STEVENSVILLE — Residents of southern Kent Island have wanted a public sewer system for decades, tired of frequent flooding that stirs a stench in their backyards and threatens their groundwater and the fragile Chesapeake Bay ecosystem.
But now that the state is chipping in at least $15 million to ensure that a sewer line is run down the largest island in the bay, some are worried about another consequence: The sewer project could allow more than 600 new homes to be built on the low-lying land at the foot of the Bay Bridge.
Gov. Larry Hogan's administration and Queen Anne's County officials say the $50 million sewer system will yield dividends in water quality improvements that outweigh any impact from new homes that sprout along the sewer connection. The prospect of a switch from septics may already be spurring a market for wooded lots that owners have been unable to build on or sell.
Chesapeake Bay advocates and some residents say the benefits aren't so clear-cut. They argue that Kent Island isn't the place to be adding new development — some of the empty lots are on the bay, vulnerable to rising sea levels. And they fear that more developers could one day petition for sewer access; at least one developer whose land was left out of the planned sewer district has already sued for a connection.
More than 1,500 existing homes on the southern end of Kent Island are slated for sewer service; each was built with a well for water service and a septic system to process waste. Development on the north end of the island, around Route 50, is already connected to sewers, while other corners of the island will remain on septic systems.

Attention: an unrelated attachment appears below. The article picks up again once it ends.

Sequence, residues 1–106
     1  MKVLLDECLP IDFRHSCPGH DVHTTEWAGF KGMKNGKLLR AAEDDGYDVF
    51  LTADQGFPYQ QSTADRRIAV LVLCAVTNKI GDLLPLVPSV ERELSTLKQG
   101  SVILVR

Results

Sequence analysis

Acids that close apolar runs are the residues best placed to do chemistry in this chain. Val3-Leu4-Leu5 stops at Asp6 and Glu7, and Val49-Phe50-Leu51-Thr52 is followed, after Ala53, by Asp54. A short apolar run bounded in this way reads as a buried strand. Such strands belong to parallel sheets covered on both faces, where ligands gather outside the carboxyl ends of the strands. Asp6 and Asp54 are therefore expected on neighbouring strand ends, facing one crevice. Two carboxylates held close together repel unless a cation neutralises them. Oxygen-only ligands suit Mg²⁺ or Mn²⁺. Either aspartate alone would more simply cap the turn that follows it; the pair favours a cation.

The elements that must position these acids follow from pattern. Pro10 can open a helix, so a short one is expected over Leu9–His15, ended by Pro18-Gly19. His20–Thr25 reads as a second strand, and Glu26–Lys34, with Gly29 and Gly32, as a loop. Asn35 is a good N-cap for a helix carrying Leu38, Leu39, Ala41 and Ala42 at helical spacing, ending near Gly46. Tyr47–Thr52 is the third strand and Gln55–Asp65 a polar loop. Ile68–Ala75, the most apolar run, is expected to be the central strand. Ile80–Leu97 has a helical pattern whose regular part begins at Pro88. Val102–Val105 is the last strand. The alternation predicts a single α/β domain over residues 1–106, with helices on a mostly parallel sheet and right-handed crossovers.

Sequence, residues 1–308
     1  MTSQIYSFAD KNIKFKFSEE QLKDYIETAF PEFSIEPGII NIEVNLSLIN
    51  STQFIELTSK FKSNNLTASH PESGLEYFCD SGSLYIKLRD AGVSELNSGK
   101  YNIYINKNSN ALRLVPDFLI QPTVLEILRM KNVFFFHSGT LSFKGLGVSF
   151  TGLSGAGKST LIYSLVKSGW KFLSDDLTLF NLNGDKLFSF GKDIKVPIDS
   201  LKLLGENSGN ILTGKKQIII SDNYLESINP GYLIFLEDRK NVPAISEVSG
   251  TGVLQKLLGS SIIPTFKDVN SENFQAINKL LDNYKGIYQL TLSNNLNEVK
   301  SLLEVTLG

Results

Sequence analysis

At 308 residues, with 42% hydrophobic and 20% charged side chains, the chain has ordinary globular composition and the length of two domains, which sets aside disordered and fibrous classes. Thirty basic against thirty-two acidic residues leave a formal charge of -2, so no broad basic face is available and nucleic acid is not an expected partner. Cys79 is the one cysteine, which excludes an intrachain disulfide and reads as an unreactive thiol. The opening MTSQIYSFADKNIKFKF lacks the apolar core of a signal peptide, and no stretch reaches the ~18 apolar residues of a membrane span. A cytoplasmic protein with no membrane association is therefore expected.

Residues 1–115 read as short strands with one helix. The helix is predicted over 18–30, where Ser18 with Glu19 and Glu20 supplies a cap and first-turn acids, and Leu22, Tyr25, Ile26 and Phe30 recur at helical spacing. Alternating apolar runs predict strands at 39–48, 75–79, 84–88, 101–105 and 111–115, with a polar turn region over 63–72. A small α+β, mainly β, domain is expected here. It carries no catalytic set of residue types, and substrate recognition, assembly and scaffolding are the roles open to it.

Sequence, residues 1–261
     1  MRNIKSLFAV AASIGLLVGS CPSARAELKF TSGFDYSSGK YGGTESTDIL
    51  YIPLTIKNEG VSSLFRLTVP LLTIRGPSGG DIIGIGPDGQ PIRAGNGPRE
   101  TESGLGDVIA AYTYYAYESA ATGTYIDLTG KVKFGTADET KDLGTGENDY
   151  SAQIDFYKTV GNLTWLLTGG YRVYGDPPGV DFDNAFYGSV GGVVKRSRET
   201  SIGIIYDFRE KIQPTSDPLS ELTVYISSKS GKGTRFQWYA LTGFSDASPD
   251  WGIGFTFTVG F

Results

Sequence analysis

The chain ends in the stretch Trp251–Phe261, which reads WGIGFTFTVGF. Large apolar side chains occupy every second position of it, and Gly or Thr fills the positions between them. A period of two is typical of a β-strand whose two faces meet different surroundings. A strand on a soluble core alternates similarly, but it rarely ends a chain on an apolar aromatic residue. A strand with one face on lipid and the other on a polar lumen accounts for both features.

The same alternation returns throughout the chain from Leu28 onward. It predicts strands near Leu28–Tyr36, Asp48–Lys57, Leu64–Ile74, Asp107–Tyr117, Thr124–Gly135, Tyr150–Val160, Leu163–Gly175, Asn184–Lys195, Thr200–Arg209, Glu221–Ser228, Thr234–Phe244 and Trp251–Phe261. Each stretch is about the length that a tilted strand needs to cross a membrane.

While helping rid Kent Island of septics, the Hogan administration is also relaxing statewide restrictions on new septic systems in areas farther from Chesapeake waters.
Both decisions ease hurdles to real estate development, raising questions from bay advocates whether the governor's past career in commercial real estate is influencing his policies.
"Governor Hogan is opening up the Eastern Shore to more sprawl-type development," said Jay Falstad, executive director of the Queen Anne's Conservation Association. "He is a developer; that's his background."
Hogan spokesman Douglass Mayer said the governor "has aggressively pursued and implemented measures designed to ensure the health of the Chesapeake Bay and "will continue doing everything possible to protect our state's most important natural asset."
Maryland Environment Secretary Ben Grumbles said the Kent Island project and septic policy change are part of a broader strategy to balance water quality improvements with flexibility for "allowing local choices on how communities grow."
"There's always going to be legitimate questions about what might it lead to, in terms of impact and development," Grumbles said of the new Kent Island system. "From my perspective as an environmental regulator, it looks like a good choice."
The sewer project appeared doomed this summer when last-minute cost estimates came in nearly 30 percent higher than expected. That's when state officials stepped in to sweeten the aid promised to the county. The package includes a state-backed low-interest loan and millions of dollars in fees collected on sewer bills across the state for bay cleanup.
Queen Anne's County commissioners voted to accept the assistance and to charge residents $100 a month for 20 years for their share of the cost.
Work is scheduled to begin this fall.
Dru Schmidt-Perkins, CEO of 1,000 Friends of Maryland, a smart-growth advocacy organization, said the new sewer system is "far, far better" than failing septics. But she said it could still generate new pollution.
"Development matters," she said. "Having it in the right place matters."